Claire E. Scott is a Visiting Assistant Professor of German. In her research and teaching she focuses on German-language literature and film from the 20th and 21st centuries. Scott is particularly interested in melodrama, representations of violence and contemporary adaptations of mythological material.

Her work reflects a deep commitment to gender and sexuality studies. Scott serves on the steering committee for the Coalition of Women in German and is an active member of the Diversity, Decolonization, and the German Curriculum collective.

Scott’s first book, “Murderous Mothers: Postmodern Medea-Figures and Feminist Politics,” is forthcoming after winning the 2020 Peter Lang Young Scholars Competition for German Studies in America.

Areas of Expertise

Gender and sexuality studies, affect theory, narratology

Education

2017 — Doctor of Philosophy from University of North Carolina a

2011 — Bachelor of Arts from Dartmouth College

Courses Recently Taught

This is the first half of a yearlong course for students who are beginning the study of German or who have had only minimal exposure to the language. The first semester introduces students to the German language in all four modalities: reading, writing, speaking and listening. The work includes practice in understanding and using the spoken language. Written exercises and elementary reading materials completed outside class serve as a basis for vocabulary-building and in-class discussion and role-plays. Students will also write four short essays on familiar topics over the course of the semester. During the second semester there is more advanced practice in the use of the spoken and written language and we will use short fictional and authentic cultural texts in order to develop techniques of reading. This course includes required practice sessions with an apprentice teacher (AT), which will be scheduled at the beginning of the semester. Students enrolled in this course will be automatically added to GERM 112Y for the spring semester. Offered every fall.

This is the second half of a yearlong course for students who are beginning the study of German or who have had only minimal exposure to the language. As in the first semester, the work includes practice of the German language in all four modalities — reading, writing, speaking and listening — in class, in scheduled review sessions with an apprentice teacher and using an online workbook. There will be more advanced practice in the use of the spoken and written language. We will develop reading skills through a variety of fictional and cultural texts, including a short book we will read in its entirety. This course includes required practice sessions with an apprentice teacher (AT), which will be scheduled at the beginning of the semester. At the end of the semester, the student will read their first book of fiction in German. Prerequisite: GERM 111Y or placement or permission of instructor. Offered every spring.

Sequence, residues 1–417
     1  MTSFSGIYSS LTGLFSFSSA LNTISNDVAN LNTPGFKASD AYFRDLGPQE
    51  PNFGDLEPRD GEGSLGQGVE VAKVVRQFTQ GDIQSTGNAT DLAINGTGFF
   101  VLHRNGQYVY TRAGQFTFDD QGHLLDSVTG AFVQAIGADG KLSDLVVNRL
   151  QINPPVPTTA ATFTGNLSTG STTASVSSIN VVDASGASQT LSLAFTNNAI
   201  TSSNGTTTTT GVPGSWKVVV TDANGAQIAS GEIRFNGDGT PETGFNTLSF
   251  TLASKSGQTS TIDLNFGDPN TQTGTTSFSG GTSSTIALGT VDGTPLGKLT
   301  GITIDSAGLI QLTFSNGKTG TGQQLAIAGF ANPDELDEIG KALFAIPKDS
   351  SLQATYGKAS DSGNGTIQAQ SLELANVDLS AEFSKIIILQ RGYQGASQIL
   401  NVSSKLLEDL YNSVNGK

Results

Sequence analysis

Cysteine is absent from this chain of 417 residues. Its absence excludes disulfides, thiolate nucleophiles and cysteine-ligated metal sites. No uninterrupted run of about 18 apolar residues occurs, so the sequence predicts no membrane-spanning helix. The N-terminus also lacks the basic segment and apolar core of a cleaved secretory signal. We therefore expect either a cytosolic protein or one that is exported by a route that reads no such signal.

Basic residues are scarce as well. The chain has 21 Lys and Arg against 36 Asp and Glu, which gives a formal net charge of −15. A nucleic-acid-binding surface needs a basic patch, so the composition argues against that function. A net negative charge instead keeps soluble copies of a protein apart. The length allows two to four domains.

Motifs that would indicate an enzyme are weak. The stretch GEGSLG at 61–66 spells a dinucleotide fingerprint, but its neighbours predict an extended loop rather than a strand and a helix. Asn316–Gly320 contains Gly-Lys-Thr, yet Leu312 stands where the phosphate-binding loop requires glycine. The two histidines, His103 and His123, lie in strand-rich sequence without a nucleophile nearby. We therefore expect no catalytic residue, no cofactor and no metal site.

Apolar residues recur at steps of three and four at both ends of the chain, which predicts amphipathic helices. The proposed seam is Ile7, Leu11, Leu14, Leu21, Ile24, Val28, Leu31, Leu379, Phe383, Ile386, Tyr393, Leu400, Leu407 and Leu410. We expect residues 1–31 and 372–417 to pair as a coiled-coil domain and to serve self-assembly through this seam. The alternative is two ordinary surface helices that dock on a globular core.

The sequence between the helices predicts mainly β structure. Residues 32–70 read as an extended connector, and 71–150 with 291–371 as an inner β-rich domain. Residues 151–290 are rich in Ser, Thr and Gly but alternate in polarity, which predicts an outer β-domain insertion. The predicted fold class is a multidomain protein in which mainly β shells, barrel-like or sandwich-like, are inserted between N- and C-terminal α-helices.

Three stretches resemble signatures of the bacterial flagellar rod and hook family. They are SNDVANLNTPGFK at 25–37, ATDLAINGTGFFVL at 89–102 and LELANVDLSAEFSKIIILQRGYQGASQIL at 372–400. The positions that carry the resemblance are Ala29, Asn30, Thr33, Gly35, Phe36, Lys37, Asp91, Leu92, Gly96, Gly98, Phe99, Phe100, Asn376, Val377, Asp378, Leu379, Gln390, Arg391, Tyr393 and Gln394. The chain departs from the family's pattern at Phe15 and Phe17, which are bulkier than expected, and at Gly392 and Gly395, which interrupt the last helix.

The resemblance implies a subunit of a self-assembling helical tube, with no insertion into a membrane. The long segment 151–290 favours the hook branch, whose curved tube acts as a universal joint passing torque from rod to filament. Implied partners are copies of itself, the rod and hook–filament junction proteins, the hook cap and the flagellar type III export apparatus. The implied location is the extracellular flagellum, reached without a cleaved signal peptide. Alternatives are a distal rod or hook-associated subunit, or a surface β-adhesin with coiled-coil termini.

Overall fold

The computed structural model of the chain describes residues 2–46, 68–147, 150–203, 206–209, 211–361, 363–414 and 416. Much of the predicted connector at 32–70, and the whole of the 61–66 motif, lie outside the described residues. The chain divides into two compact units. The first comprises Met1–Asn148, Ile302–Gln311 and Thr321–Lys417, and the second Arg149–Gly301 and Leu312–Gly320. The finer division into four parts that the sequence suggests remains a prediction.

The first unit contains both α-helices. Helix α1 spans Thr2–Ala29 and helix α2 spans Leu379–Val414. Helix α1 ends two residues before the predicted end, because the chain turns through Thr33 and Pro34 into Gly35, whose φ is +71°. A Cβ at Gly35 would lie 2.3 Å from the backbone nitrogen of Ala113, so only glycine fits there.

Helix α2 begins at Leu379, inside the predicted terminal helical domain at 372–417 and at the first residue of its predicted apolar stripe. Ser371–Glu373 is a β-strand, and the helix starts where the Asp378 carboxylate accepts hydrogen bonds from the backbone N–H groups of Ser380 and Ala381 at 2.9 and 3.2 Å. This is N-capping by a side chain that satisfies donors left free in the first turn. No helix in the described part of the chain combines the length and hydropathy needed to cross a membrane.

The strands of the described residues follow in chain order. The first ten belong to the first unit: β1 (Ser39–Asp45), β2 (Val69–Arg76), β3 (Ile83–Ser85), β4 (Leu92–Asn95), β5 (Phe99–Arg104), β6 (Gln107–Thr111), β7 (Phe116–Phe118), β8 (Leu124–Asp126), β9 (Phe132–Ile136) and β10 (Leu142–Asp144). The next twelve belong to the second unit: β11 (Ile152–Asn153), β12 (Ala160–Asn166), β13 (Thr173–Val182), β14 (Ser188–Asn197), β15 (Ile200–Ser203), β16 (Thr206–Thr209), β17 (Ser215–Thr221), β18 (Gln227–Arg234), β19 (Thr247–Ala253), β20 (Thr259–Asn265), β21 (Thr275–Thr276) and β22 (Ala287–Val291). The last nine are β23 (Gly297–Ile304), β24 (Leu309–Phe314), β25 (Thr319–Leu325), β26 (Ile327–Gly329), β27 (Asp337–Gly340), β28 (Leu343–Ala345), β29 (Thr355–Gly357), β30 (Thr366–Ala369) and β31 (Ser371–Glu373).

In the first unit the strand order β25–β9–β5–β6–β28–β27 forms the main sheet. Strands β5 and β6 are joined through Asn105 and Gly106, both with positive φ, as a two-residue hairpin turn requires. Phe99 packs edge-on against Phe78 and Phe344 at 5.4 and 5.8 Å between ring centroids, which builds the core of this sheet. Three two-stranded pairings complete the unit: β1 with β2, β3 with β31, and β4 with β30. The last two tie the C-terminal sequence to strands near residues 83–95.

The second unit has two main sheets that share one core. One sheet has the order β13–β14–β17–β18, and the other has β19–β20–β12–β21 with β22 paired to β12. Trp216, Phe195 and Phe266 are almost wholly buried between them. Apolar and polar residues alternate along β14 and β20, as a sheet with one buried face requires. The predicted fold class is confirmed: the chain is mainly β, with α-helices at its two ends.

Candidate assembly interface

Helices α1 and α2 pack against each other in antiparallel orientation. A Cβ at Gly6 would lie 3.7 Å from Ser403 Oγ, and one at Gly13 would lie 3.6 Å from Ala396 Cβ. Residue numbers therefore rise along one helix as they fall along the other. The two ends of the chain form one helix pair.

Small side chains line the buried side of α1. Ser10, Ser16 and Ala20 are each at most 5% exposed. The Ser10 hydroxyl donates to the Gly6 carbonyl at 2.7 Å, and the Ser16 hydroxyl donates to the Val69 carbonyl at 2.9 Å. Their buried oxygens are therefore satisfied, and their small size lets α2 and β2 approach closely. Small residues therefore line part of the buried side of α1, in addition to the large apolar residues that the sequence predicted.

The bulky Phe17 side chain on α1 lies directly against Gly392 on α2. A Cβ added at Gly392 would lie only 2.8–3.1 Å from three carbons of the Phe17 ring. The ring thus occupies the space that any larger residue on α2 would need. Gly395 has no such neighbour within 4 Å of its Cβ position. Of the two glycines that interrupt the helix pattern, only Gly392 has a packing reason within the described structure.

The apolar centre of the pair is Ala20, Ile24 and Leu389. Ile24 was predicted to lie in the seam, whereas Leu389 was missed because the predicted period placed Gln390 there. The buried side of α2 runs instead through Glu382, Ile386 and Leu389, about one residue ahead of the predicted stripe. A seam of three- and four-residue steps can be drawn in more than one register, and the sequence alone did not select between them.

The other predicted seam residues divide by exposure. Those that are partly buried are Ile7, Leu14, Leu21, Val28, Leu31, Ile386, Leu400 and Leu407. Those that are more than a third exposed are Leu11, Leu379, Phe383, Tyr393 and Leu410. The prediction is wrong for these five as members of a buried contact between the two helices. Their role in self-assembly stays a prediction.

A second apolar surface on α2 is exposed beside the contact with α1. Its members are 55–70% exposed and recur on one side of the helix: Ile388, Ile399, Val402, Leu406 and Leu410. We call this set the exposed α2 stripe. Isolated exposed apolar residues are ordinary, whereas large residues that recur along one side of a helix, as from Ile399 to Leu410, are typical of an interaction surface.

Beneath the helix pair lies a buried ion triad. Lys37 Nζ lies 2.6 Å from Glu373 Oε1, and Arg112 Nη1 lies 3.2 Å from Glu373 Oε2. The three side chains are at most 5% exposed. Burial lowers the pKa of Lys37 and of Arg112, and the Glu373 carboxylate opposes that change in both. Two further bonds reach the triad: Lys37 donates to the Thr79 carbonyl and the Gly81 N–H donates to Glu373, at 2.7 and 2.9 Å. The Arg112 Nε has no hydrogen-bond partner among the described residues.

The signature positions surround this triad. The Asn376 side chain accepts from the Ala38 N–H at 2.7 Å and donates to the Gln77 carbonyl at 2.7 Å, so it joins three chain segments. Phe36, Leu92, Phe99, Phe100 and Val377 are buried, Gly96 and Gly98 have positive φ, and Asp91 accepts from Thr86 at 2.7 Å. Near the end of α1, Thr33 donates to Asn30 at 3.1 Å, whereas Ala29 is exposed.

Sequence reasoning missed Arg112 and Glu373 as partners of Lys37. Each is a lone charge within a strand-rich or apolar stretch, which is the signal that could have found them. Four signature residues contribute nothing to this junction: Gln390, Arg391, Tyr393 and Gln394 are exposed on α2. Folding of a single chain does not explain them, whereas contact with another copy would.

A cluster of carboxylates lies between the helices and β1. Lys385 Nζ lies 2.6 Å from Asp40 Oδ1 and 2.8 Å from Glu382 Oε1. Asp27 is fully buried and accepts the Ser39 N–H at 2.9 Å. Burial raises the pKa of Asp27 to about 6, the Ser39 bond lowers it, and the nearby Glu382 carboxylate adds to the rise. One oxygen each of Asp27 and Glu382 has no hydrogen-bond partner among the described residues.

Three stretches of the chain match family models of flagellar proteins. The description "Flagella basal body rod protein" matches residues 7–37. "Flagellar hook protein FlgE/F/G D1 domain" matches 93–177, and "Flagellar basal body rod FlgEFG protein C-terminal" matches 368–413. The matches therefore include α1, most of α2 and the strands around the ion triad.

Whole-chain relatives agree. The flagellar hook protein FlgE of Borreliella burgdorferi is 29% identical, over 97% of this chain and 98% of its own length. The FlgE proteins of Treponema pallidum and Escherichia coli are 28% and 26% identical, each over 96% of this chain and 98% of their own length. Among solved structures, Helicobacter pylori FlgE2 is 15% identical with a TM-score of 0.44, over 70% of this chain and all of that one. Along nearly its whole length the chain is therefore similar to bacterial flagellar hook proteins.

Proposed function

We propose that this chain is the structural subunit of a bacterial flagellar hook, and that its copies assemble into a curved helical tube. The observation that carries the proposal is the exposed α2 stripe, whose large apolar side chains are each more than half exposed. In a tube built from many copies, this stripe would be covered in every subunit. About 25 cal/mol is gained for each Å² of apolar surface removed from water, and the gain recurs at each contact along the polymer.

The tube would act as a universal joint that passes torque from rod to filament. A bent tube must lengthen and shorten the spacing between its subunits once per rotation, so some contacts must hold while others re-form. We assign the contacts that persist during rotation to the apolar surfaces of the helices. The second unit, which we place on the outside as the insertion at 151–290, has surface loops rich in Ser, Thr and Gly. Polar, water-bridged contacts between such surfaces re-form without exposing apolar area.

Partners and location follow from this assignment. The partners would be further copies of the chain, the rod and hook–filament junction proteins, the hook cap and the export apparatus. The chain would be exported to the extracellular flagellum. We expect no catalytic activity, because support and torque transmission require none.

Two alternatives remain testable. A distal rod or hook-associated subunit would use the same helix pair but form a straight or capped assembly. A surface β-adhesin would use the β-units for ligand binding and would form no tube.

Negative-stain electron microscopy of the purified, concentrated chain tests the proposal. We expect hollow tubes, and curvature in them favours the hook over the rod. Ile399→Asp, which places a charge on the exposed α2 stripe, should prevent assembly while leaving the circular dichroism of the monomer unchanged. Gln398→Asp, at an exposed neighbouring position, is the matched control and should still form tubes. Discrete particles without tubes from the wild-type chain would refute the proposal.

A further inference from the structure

In a special journal issue on emerging German writers, Frank Finley and Stuart Taberner write: "What is most immediately striking about the German literary market since unification, and in particular since the mid-1990s, is its sheer diversity." In this course, we will read and interpret exemplary works from the wealth of texts that form this new literature. Among the authors are emerging writers, as well as well-established writers such as Nobel Prize winner Günter Grass. Our focus for discussion will shift a number of times during the semester. We will explore issues of German history and German identity with respect to Grass's novel "Im Krebsgang" and Daniel Kehlmann's historical novel "Die Vermessung der Welt." More aesthetic and philosophical problems, such as intertextuality and memory, will guide our discussion of W.G. Sebald's "Schwindel. Gefühle." Sebald's book is related to Judith Hermann's "Nichts als Gespenster" through the theme of the travelogue. Likewise, we will discuss the poetics and narrative strategies of Hermann's stories. We will investigate questions of popular literature and generational issues ("Generation Golf") by looking at Christian Kracht's "Faserland" (which — like the Hermann and Sebald texts — can be read as a travelogue) and excerpts from Jochen Schmidt's "Triumphgemüse." We will discuss at least one of the texts in connection with their adaptation to the screen. The format of the course will be seminar-type discussion complemented by occasional presentations by students and the instructor. All readings and discussion are in German. Prerequisite: GERM 325 or above or permission of instructor. Generally offered every three years.